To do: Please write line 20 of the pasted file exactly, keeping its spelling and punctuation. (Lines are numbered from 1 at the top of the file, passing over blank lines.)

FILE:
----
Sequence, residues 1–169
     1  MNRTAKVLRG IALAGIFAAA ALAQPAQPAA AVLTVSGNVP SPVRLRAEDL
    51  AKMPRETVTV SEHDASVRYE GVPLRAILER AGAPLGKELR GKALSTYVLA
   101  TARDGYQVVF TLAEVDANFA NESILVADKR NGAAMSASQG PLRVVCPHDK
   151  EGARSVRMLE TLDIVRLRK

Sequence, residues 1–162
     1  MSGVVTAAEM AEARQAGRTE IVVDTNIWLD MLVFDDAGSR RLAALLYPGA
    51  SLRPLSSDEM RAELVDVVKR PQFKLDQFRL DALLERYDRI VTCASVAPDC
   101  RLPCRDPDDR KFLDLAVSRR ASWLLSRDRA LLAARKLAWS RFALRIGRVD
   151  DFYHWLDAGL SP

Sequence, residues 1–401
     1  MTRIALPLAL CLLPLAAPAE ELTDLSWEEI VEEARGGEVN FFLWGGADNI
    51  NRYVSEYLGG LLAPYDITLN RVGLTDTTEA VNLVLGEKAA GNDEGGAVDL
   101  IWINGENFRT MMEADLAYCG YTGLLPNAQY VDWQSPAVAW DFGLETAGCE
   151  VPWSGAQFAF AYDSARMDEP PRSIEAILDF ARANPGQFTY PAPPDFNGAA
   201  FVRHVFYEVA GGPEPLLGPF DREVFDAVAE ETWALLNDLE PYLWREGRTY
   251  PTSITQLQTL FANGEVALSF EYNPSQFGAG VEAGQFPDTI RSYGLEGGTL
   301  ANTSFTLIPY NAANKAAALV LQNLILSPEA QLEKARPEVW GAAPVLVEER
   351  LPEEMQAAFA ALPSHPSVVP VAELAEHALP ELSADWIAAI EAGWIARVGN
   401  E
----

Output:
   401  E